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January 19th, 2015, 05:09 PM  #1 
Member Joined: Jan 2015 From: Colorado Posts: 32 Thanks: 0  Need to satisfy constants, so each of the systems have a solution
Hi, I am really having trouble on this problem. "What conditions must the constants, the b's, satisfy so that each of these systems has a solution? Hint: Apply Gauss's Method and see what happens to the right side. x  3y + b1 3x + y = b2 x + 7y = b3 2x + 4y = b4 So what I have done, is put it into a matrix like so: 1 3  b1 3 1  b2 1 7  b3 2 4  b4 So what I am confused with, is if you have to do Guass's method, and get it into row echelon form (right? that's his method?) then how do you do that, the first row can stay the same, the second row has to have 0 #  b2 and then the last two rows must have 0 0  b3/b4. Right? I am having trouble getting there. 
January 19th, 2015, 05:33 PM  #2 
Math Team Joined: Dec 2013 From: Colombia Posts: 7,690 Thanks: 2669 Math Focus: Mainly analysis and algebra 
$2r_2 + 2r_3  4r_4$ gives $0 \, 0  2b_2 + 2b_3  4b_4$. Thus we have $2b_2 + 2b_3  4b_4 = 0$ as one condition that the $b_i$ must satisfy. $r_2  3r_1$ gives $0 \, 10  b_2  3b_1$. We can also have $r_1 + r_3  r_4$ which gives $0 \, 0  b_1 + b_3  b_4$ and thus $b_1 + b_3  b_4 = 0$ is another condition for the $b_i$. 
January 19th, 2015, 05:38 PM  #3  
Member Joined: Jan 2015 From: Colorado Posts: 32 Thanks: 0  Quote:
I don't think I am following which row you are manipulating here...  
January 19th, 2015, 05:51 PM  #4 
Math Team Joined: Dec 2013 From: Colombia Posts: 7,690 Thanks: 2669 Math Focus: Mainly analysis and algebra 
$r_i$ is row $i$.

January 19th, 2015, 05:54 PM  #5 
Member Joined: Jan 2015 From: Colorado Posts: 32 Thanks: 0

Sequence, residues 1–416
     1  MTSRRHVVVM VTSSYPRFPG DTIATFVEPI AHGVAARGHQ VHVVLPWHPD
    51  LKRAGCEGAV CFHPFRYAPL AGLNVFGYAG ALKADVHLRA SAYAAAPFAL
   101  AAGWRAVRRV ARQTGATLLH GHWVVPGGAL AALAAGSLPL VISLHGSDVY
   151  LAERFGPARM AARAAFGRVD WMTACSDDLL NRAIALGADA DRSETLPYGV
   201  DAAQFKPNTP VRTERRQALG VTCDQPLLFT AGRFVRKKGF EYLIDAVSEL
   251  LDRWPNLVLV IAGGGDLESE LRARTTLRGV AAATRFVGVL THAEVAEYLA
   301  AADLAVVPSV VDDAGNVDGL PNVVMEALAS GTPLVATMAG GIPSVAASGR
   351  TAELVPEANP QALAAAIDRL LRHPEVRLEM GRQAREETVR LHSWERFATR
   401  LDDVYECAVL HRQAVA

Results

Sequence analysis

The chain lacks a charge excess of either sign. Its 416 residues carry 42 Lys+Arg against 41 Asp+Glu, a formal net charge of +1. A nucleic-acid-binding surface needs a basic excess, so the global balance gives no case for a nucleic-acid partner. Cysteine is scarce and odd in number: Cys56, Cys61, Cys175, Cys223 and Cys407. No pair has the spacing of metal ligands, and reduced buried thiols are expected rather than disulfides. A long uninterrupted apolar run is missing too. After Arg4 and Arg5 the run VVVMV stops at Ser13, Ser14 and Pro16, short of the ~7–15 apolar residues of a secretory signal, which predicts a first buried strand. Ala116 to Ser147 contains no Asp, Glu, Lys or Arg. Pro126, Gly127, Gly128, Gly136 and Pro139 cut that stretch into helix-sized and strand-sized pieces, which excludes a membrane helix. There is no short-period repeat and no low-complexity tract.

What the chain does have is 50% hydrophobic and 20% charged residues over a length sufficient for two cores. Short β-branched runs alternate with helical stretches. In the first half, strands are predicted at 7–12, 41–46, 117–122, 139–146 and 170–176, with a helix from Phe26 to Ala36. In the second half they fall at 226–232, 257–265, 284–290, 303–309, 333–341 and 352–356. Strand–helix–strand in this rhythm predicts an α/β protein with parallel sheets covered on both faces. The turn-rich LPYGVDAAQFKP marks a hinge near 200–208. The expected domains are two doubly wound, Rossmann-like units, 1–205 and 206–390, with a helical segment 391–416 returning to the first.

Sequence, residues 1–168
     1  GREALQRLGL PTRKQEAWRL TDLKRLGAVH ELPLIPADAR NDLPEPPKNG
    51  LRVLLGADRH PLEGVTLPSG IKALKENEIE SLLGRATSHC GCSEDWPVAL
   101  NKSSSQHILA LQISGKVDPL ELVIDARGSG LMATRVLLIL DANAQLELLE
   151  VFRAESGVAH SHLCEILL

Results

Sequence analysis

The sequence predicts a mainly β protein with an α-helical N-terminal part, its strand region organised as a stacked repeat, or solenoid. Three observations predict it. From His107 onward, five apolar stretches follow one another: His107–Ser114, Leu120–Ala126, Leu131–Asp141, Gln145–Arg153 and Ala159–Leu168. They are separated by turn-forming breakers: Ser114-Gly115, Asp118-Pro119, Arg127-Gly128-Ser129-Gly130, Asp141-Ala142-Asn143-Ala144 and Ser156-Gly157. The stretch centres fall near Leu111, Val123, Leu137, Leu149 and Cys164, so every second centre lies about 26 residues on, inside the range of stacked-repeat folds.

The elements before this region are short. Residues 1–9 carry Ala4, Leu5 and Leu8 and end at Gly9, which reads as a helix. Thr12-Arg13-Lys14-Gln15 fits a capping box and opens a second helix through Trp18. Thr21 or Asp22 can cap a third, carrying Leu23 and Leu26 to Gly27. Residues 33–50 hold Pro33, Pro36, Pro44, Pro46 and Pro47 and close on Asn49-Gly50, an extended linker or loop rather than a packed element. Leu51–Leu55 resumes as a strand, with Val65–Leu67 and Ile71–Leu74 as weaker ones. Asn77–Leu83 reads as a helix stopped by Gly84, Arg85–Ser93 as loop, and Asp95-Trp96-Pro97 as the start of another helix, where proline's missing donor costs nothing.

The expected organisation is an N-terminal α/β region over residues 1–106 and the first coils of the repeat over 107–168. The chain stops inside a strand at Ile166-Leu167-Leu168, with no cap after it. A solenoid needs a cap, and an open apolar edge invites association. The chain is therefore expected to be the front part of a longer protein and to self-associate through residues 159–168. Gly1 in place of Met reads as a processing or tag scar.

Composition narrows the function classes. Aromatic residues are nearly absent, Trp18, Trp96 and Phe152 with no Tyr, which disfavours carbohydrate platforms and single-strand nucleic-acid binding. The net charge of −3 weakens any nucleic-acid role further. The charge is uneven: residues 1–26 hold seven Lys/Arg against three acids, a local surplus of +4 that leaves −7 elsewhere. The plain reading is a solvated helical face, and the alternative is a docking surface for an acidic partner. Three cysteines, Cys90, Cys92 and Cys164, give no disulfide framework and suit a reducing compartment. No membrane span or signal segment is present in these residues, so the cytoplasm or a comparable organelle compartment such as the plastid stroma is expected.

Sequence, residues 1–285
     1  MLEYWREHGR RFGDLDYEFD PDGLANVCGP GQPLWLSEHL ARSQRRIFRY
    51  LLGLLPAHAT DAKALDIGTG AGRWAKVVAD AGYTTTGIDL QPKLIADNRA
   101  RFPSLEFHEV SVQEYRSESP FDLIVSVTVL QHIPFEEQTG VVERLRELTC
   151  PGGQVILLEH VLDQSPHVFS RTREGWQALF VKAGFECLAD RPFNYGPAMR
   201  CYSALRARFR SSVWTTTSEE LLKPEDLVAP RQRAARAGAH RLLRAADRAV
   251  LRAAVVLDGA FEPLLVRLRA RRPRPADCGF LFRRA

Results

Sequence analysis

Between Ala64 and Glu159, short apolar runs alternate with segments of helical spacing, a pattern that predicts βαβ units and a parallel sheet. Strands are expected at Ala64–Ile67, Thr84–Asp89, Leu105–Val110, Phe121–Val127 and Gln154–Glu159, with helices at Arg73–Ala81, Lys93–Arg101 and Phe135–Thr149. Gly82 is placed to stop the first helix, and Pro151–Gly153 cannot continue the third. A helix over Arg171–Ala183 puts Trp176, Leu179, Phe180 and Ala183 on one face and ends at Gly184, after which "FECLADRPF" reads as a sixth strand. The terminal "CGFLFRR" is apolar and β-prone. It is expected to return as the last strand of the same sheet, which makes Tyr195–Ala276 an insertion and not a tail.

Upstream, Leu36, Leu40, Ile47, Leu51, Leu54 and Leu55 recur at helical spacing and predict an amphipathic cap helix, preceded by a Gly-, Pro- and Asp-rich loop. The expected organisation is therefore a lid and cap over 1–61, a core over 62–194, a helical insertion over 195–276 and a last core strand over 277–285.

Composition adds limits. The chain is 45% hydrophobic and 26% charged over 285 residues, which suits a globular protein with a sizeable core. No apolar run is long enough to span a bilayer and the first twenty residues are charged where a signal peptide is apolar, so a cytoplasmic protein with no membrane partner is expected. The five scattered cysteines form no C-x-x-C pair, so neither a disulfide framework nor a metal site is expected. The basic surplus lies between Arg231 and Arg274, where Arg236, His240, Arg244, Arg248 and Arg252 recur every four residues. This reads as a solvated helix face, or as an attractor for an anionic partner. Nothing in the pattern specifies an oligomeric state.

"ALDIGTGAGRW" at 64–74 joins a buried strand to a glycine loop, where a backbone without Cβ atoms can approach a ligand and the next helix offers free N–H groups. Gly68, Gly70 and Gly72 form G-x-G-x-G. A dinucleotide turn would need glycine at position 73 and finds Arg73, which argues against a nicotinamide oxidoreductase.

January 19th, 2015, 05:58 PM  #6 
Math Team Joined: Dec 2013 From: Colombia Posts: 7,690 Thanks: 2669 Math Focus: Mainly analysis and algebra 
Oh, I wasn't thinking about actually doing it all, just giving you some examples of manipulations that you can do.

January 19th, 2015, 06:02 PM  #7  
Member Joined: Jan 2015 From: Colorado Posts: 32 Thanks: 0  Quote:
So am I right though, about how I need to make the last two rows exactly 0 0  b3 and 0 0  b4 in order to complete this problem?  
January 20th, 2015, 02:59 AM  #8 
Math Team Joined: Dec 2013 From: Colombia Posts: 7,690 Thanks: 2669 Math Focus: Mainly analysis and algebra 
No. They'll both be 0 0  f(b1,b2,b3,b4) where f is some linear function.

January 20th, 2015, 06:15 AM  #9  
Math Team Joined: Jan 2015 From: Alabama Posts: 3,264 Thanks: 902  Quote:
Your first object must be to get all zeros, in the first column, below the first row. To do that, since the top row has "1" and the other "3", "1", and "2", you can 1) subtract 3 times the first row from the second 2) subtract the first row from the third 3) subtract 2 times the first row from the fourth That will give $\displaystyle \begin(bmatrix}1 & 3 & b_1 \\ 0 & 10 & b2 3b_1 \\ 0 & 10 & b_3 b_1 \\ 0 & 0 & b4 2b_1\end{bmatrix}$ Can you continue from there? Last edited by Country Boy; January 20th, 2015 at 06:19 AM.  

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